Study Reveals Substance Abuse Among Teens with Mental Health Issues
A new study from the University of Sydney's Brain and Mind Research Institute shows striking levels of substance use among teens seeking mental health care, with one in 10 mentally ill teens reporting frequent use of alcohol, cigarettes and marijuana. This pattern of substance use becomes more common as teens age, and likely heightens risk of poor physical and mental health outcomes, the study reports.
In a University of Sydney news release, lead researcher Dr. Daniel Hermens said,
“Traditionally there have been mental health services, and substance abuse services, but both have been quite separate. Our study shows that we need to integrate mental health interventions with substance use interventions in order to help at-risk young people.
“There is a lot of evidence for the co-morbidity of mental health problems and substance misuse. More people have both mental health and substance use problems than either alone—in other words, it's the rule rather than the exception."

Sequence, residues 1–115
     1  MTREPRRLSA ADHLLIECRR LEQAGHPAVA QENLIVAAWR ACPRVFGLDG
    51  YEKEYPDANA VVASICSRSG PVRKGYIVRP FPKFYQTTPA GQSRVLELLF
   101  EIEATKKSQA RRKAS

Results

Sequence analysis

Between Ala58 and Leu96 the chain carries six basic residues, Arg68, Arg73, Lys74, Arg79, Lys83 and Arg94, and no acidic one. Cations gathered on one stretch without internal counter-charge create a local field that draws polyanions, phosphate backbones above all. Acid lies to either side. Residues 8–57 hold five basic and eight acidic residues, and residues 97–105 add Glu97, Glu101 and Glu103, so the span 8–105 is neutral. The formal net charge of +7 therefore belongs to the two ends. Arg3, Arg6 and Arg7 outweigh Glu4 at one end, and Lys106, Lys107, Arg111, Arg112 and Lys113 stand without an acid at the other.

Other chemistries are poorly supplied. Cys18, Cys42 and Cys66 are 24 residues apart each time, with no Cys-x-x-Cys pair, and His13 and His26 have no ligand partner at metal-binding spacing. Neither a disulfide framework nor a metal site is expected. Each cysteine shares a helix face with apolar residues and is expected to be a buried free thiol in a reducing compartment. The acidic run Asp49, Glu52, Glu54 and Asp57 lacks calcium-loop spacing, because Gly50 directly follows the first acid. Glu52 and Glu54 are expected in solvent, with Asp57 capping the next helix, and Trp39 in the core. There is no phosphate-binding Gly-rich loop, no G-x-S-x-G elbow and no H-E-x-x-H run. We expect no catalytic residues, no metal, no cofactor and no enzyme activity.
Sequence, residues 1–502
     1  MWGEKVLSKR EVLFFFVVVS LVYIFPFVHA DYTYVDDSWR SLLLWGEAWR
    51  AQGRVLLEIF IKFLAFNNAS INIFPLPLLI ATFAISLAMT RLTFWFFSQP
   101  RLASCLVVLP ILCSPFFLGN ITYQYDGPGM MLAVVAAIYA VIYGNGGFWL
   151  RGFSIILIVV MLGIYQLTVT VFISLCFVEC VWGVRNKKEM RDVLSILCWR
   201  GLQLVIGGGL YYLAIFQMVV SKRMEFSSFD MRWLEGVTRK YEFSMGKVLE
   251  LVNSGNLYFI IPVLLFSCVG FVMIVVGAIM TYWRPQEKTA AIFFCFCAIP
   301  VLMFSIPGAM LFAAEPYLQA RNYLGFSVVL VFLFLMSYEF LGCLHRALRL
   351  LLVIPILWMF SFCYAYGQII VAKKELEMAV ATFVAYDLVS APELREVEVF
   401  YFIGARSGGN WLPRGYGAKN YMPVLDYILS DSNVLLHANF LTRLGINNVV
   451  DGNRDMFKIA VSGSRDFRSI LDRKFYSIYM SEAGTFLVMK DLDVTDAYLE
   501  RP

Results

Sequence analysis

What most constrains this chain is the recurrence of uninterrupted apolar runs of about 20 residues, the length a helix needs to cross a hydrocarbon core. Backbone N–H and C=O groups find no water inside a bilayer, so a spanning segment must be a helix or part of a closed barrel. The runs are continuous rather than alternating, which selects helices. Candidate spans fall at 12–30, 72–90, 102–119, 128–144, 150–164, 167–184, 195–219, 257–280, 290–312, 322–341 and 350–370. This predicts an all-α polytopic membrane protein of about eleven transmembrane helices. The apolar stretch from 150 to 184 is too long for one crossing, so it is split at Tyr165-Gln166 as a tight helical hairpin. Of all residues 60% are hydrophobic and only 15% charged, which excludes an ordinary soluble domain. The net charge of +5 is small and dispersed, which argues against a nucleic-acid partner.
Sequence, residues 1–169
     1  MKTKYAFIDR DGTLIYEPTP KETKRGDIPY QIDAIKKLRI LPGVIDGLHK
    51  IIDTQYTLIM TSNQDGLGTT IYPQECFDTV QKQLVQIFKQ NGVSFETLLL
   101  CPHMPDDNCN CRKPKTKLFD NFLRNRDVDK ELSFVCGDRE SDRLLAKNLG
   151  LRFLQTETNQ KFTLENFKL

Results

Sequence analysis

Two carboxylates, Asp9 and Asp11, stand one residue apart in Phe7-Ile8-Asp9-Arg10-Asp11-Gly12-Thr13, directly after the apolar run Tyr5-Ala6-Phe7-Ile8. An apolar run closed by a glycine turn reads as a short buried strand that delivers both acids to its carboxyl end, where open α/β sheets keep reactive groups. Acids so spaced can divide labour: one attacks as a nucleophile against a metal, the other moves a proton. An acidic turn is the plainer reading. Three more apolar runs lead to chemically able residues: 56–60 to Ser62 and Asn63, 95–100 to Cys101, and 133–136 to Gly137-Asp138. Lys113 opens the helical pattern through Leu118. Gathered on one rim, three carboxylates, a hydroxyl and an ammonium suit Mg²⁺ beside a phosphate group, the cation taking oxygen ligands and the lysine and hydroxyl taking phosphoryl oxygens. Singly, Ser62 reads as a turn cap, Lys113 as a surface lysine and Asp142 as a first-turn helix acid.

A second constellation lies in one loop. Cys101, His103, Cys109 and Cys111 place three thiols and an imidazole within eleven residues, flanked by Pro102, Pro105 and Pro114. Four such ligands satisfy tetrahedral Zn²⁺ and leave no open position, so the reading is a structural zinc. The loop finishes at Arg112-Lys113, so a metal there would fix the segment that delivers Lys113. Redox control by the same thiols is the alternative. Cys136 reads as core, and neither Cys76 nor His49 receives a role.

Published in BMJ Open, the study used self-reported data from more than 2,000 people aged 12-30 years seeking mental health care. Overall, substance use rates increased with age across groups, broken into age bands of 12-17, 18-19, and 20-30 year-olds.
Parenting is Prevention
A youth’s perception of risks associated with substance use is an important determinant of whether he or she engages in substance use.
A recent SAMHSA National Survey on Drug Use and Health surfaced several important perceptions among adolescents aged 12 to 17. Binge drinking can be categorized as having five or more alcoholic drinks once or twice a week. The good news is that the percentage of adolescents who perceived great risk from binge alcohol use has increased from 38.2 percent in 2002 to 40.7 percent in 2011; during the same period, the actual rate of binge alcohol use among adolescents decreased from 10.7 to 7.4 percent.
The bad news: between 2007 and 2011, the percentage of adolescents who perceived great risk from smoking marijuana once or twice a week decreased from 54.6 to 44.8 percent, and the rate of past month marijuana use among adolescents increased from 6.7 to 7.9 percent.